Gen. Martin E. Dempsey, has been sworn in as the 18th Chairman of the Joint Chiefs of Staff (JCS). Dempsey, most recently the Army’s Chief of Staff, succeeds ADM Mike Mullen, who retired on September 30.
In a ceremony held at Joint Base Myer-Henderson Hall in Arlington, Virginia, Secretary of Defense Leon Panetta said Gen. Dempsey’s “strategic vision is the right one for this time of transition.” Panetta described Dempsey as an officer with “a keen intellect, proven leadership, strategic vision, and most of all humanity.”
Gen. Dempsey, a career armor officer, graduated from the U.S. Military Academy in 1974. Before becoming Army Chief of Staff, he commanded the US Army Training and Doctrine Command. Prior to that duty, Dempsey served as Deputy Commander and then Acting Commander of U.S. Central Command. Dempsey commanded the 1st Armored Division in Iraq and led the training of Iraqi Security Forces as Commanding General of MNSTC-1.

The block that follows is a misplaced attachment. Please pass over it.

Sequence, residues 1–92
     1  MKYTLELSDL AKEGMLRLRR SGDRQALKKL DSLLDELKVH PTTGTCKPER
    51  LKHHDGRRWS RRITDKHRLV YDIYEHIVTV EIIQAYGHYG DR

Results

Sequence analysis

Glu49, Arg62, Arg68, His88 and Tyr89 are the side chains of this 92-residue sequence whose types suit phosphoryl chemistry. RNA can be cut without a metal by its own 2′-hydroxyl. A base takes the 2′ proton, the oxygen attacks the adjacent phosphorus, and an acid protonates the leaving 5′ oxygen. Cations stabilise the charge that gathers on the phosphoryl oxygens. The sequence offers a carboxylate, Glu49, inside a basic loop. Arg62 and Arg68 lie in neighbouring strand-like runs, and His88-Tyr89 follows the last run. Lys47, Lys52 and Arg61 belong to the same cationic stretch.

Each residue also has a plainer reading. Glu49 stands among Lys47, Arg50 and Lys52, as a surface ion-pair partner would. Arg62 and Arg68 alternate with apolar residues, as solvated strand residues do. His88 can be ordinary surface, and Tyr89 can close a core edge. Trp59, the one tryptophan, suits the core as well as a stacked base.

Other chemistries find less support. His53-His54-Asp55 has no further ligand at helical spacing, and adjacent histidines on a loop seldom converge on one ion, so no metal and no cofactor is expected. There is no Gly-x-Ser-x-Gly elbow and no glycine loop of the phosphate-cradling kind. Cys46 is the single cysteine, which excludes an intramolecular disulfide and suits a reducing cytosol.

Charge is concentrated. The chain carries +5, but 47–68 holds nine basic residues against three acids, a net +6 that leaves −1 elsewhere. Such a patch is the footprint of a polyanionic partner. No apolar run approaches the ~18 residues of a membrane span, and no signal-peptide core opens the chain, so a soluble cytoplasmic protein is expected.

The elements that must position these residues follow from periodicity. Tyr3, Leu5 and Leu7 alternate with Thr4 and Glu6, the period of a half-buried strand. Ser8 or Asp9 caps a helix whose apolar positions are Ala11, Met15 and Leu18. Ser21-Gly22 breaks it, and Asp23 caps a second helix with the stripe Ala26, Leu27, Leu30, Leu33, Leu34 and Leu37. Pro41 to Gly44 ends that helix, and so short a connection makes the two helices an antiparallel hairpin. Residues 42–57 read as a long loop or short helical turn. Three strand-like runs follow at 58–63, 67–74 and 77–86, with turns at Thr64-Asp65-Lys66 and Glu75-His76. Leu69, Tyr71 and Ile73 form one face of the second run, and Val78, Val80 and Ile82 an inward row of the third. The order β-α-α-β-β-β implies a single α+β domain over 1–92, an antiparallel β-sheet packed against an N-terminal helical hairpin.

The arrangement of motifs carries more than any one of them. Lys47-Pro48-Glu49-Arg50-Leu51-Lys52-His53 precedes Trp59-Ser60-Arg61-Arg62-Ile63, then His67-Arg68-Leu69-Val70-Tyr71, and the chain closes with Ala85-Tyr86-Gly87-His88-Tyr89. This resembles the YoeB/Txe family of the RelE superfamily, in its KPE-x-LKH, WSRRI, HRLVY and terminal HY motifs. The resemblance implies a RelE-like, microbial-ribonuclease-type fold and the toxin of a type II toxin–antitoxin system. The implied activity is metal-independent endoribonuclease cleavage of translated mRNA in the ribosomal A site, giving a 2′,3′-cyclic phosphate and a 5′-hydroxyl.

In a letter to the Joint Force, Dempsey described U.S. forces as “powerful, responsive, and resilient” that comprise the “finest military on the planet.” Dempsey told the troops that he will focus on four areas to ensure that the Joint Force continues to meet the nation’s military needs.
He pledged to ensure that forces currently “in harm’s way” will have what they need to complete their missions and achieve the nation’s security objectives.
He said the force must look into the future and develop Joint Force 2020 “to provide the greatest number of options for our nation’s leaders and to ensure that our nation remains immune from coercion.” Dempsey acknowledged the resource challenges facing the department due to the current fiscal difficulties, but said maintaining the “best led, best trained and best equipped force” is a “non-negotiable imperative.”
Dempsey told the troops they must renew their :”commitment to the Profession of Arms.” He said being a professional means continuing to learn, understand, and promote the necessary skills, attributes, and behaviors required of professionals.
Finally, he pledged to “keep faith with our Military Family.” He said servicemembers and their families, including wounded warriors, “deserve the future they have sacrificed to secure.”